About a year ago, nothing seemed out of the ordinary in Peggy Pritchard Olson’s world. The Edmonds, Wash., city councilwoman filled her days with meaningful work, loving friends, and family. But on her 58th birthday last April, her doctor uncovered the reason for a limp she’d noticed since December and slurred speech since March. She had amyotrophic lateral sclerosis (ALS), also known as Lou Gehrig’s disease, an incurable neurological disorder. If it could not be slowed down, she would have a year to live. And that’s when everything changed.
“Some people lose their voice, some their ability to walk. I just happened to lose both,” she said in a labored blur of words. “I said, ‘OK, if I have this disease, I want to raise awareness of it,’” said Peggy.
Even in her illness, she has brought people together, inspiring Team Peggy, a group of 80 volunteers who provide her with support and raise awareness and funds for ALS research. Some team members are longtime friends from movie nights where she screens chick flicks. “We like movies that feature strong women—villains or heroes, we don’t care,” she said.
Peggy knows something about being strong. Before she got elected in 2003, she helped fight and win a battle with King County on its proposed plan to build a sewage plant on her town’s shoreline. She discovered that her talent for bringing people together could be put to use for the good of her community.
Peggy is no stranger to the campaign trail. Her father, the late Joel Pritchard, U.S. Congressman, Republican Washington state legislator, lieutenant governor, and an inventor of pickleball, chose Peggy to send into the toughest neighborhoods, knowing she would enthusiastically go.
Friends observed she had always cared about what was important to people and was good at devising ways to bring them together. New to the city council, she invited representatives from eight area cities and the Port of Edmonds to collectively solve common problems.
“We held a dinner for 60 elected officials, and we’ve had five more since then. It’s amazing what you can accomplish when you don’t care who gets the credit,” she said.
“Peggy is brilliant, and she’s got an incredible memory. Don’t ever play Trivial Pursuit with her,” said Nancy Zittel Miller ’71.
When Peggy first learned she had ALS, she volunteered for clinical trials but soon discovered that none existed for the little-understood disease. Prescribed medicine helped slow ALS’ progression for about four months, but her condition rapidly declined last fall.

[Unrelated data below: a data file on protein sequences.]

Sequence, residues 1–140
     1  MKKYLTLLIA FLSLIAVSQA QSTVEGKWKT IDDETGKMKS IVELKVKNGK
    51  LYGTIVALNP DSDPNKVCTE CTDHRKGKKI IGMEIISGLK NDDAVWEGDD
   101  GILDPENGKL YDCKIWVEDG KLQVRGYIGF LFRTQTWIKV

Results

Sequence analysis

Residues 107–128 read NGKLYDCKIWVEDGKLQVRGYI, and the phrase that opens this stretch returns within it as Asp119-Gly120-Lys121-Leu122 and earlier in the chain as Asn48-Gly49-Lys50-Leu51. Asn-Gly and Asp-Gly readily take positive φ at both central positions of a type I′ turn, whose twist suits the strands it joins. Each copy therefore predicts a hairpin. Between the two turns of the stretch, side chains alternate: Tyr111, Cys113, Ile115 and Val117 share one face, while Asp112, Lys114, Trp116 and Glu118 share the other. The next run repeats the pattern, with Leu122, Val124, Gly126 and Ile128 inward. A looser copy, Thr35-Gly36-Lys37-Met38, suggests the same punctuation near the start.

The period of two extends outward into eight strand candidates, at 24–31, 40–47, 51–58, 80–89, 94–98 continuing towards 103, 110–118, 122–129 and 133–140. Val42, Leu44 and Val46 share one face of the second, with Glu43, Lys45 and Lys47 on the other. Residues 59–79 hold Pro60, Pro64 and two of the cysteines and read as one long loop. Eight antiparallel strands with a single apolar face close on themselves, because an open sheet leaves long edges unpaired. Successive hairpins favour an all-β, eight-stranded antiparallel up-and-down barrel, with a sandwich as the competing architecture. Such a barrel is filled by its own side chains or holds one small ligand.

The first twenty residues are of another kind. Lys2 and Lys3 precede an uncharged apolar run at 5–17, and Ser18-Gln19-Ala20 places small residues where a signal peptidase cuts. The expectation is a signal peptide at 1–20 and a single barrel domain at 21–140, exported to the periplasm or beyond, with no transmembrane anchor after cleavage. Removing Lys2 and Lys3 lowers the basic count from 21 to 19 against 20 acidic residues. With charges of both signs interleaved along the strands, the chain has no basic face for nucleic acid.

“It is like I am falling off a cliff, but the good thing is that I get to hear all of these people tell me what I mean to them,” said Peggy, smiling broadly, sitting on a couch next to her wheelchair in Wheelock Student Center last November. She was surrounded by two Pi Beta Phi sorority sisters, Zittel Miller and Chris Race Weinlein ’72, and another friend, Mary Lee Sweiso, who came from near and far to be with her. “At college parties, we’d say to each other, ‘We’re definitely the best-looking girls here!’” Peggy recalled, and the women erupted into giggles like old times.
Peggy said ALS hasn’t changed her optimistic outlook, and added, “It focuses you—you really see what’s important and what’s not.” She’s spending more time with family and friends.
“I know I am supposed to learn patience in this life because, for someone who loves to talk, this disease is frustrating, to say the least. But it could be worse,” she said.
“When my voice started to go, I talked with my speech pathologist about getting a machine that talks for you when you type words into it. I recorded 1,249 phrases so that my own voice will come out of the machine when I need it,” Peggy said. “I figured I could be dying with ALS or living with it. And I am living.”
Peggy will allow a camera crew from Edmonds Community College to videotape her daily life as her disease progresses to help bring about ALS solutions. Washington Secretary of State Sam Reed and former Washington Governor and U.S. Senator Dan Evans have agreed to be interviewed for the video, along with Peggy’s doctor and the national ALS Association director.
“If I had no goals, I’d really be in bad shape,” said Peggy, still performing her city council duties, mind sharp as ever.
Preparing to leave for lunch on the waterfront, her sorority sisters encircled her in a tight knot, and Peggy answered one final question. “I want to be remembered as someone who made a difference.”
— Sandra Sarr